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Marsha Mercer column: 'Month of action' lures with carrots, not sticks
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COVID-19 Vaccines

Marsha Mercer column: 'Month of action' lures with carrots, not sticks

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COVID-19 Vaccines Ohio

In late May, a woman walked into Ohio’s COVID-19 mass vaccination clinic at Cleveland State University. Ohio is one of the states that has launched lotteries that only are open to residents who have gotten vaccinated.

Free doughnuts! Free beer! Free groceries! Free rides! Free child care! Free college! Free cash!

Free guns! Wait. What?

The escalation of incentives to lure Americans to do something they should do willingly and gratefully rang the absurdity gong in West Virginia.

On Tuesday, Gov. Jim Justice announced his state would give away to lucky West Virginians who get vaccinated against COVID-19: two full, four-year scholarships to any state university, two new custom-outfitted pickup trucks, 25 weekend getaways to state parks, five lifetime hunting and fishing licenses, a million dollars — and, yes, five customized rifles and five customized shotguns.

Shaking my head.

Justice, a Republican who used to be a Democrat, acknowledged his state shouldn’t have to resort to such giveaways, but he said, “Unfortunately, it’s the way of the world today.”

And there’s a practical side to the vaccination nudge — or bribe, depending on your point of view.

“The faster we get ’em across the finish line, the more lives we save” and the more money the state will save on COVID-19 testing and hospital care for COVID-19 patients, he said.

It’s sad the demand for vaccinations nationwide has plummeted so fast. Fewer than 555,000 people a day now are getting new vaccinations, compared with nearly 2 million a day in early April, The Associated Press reported.

In one sense, vaccinations might be the victim of their own success. COVID-19 cases are down more than 90% and deaths are down more than 85% since January. Some people might feel they don’t need to get jabbed.

“The fact remains: If you are not vaccinated, you are at risk of getting the virus or spreading it to someone else,” White House press secretary Jen Psaki said.

About 63% of adults have received at least one shot, but President Joe Biden’s goal of having 70% of adults fully vaccinated by July 4 appears in doubt. On Wednesday, he launched a “month of action.”

The campaign will include door-to-door canvassing, texts, media ads featuring celebrities, free rides to vaccination sites by Uber and Lyft, and free child care for parents while they’re getting shots.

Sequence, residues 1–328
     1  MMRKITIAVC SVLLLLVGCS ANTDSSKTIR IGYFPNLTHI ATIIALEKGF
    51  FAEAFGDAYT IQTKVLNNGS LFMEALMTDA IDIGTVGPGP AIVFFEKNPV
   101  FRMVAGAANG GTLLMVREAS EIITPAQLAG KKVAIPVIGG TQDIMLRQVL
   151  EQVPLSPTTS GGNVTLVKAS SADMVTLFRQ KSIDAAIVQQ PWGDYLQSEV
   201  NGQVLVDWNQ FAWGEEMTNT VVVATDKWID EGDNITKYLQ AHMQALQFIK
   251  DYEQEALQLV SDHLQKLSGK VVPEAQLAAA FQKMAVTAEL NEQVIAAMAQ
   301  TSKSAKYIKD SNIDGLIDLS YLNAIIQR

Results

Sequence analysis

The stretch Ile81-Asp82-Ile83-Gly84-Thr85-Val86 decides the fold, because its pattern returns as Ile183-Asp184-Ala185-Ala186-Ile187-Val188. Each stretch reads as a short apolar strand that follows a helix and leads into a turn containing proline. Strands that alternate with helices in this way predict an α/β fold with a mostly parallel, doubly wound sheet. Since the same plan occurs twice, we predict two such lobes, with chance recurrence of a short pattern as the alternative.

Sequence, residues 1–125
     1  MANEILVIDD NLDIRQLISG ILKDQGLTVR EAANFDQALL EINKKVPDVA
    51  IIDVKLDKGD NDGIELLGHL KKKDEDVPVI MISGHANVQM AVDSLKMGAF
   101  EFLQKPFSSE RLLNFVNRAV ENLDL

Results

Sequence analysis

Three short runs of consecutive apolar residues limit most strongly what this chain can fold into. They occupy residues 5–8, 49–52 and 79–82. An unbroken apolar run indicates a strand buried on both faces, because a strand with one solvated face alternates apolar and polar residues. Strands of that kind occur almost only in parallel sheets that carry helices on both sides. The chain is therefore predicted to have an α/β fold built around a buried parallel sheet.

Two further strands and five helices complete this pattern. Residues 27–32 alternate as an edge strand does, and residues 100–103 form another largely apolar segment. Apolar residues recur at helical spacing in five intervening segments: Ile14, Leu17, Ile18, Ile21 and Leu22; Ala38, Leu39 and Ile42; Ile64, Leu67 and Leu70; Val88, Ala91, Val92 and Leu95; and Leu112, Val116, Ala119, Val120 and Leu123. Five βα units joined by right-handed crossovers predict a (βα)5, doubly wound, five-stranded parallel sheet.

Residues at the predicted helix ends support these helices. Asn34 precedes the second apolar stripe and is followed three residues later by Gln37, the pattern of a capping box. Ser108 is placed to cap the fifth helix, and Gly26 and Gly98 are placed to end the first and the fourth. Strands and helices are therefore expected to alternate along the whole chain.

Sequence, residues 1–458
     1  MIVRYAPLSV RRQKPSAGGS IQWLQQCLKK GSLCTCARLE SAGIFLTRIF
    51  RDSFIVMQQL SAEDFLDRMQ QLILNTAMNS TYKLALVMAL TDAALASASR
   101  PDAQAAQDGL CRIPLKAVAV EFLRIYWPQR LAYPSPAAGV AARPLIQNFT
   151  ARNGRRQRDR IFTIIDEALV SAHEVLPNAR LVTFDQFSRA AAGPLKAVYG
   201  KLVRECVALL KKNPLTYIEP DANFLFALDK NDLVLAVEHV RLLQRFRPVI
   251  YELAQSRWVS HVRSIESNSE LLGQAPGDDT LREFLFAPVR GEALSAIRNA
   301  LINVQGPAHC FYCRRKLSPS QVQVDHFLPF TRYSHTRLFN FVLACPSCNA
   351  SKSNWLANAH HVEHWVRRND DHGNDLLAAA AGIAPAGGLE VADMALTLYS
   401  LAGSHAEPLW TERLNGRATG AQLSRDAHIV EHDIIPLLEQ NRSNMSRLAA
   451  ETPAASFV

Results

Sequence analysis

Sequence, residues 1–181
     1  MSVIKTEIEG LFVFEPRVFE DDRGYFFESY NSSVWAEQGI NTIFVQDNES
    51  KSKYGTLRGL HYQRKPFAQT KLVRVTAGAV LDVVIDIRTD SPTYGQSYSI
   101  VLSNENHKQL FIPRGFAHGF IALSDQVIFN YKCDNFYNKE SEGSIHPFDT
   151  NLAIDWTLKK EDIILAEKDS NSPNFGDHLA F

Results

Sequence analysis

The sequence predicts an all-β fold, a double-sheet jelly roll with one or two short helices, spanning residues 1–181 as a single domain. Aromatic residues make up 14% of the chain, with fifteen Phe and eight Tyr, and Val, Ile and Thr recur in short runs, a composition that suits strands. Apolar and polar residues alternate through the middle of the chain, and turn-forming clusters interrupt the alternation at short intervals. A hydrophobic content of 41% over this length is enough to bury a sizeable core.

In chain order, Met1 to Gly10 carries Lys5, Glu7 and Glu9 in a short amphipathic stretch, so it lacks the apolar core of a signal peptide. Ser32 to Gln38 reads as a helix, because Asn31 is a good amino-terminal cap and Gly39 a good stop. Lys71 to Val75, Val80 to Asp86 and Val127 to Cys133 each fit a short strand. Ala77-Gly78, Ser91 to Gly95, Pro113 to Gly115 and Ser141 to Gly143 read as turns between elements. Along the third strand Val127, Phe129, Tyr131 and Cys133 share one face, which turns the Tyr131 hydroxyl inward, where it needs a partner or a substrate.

Black barbershops and beauty salons will help clients find vaccinations, which are readily available. Some pharmacies will stay open 24 hours on Fridays in June to give shots.

Krispy Kreme is giving away free doughnuts to the vaccinated. Some supermarkets are offering free groceries to customers who get vaccinated in their stores.

When the 70% goal is achieved, Anheuser-Busch promises a free round of beer to those ages 21 and older who are vaccinated and sign up on their website.

The multicarrot approach is needed because nothing turns Americans off faster than sticks — such as mandates. And it’s hard to counter the rampant misinformation on social media.

Some people fear side effects, but they typically are mild and far less scary than the unpredictable effects of COVID-19. For others, not getting vaccinated is a misguided political statement, although the former Republican president and his wife quietly got vaccinated at the White House.

“Getting the vaccine is not a partisan act,” Biden emphasized. The science was done during Democratic and Republican administrations, and the first vaccines were authorized under a Republican president and developed and deployed by a Democratic one.

“I don’t want to see the country that is already too divided become divided in a new way — between places where people live free from fear of COVID and places where, when the fall arrives, death and severe illnesses return. The vaccine is free, it’s safe and it’s effective,” Biden said.

Reason and patriotism have gotten us only so far; now it’s time for blatant self-interest, largely paid for with federal funds.

Several states, including Ohio, New Mexico and West Virginia, have launched lotteries open only to residents who have gotten vaccinated.

Ten lucky vaccinated New York students Wednesday won full tuition, room and board scholarships to any State or City University of New York campus. The state will raffle a total of 50 free rides, Gov. Andrew Cuomo said, adding each scholarship is about a $100,000 value.

Justice is right that incentives shouldn’t be necessary. But if they get us across the finish line to near normalcy, they’re a price worth paying.

Marsha Mercer writes from Washington. Contact her at: marsha.mercer@yahoo.com

© 2021, Marsha Mercer. All rights reserved.

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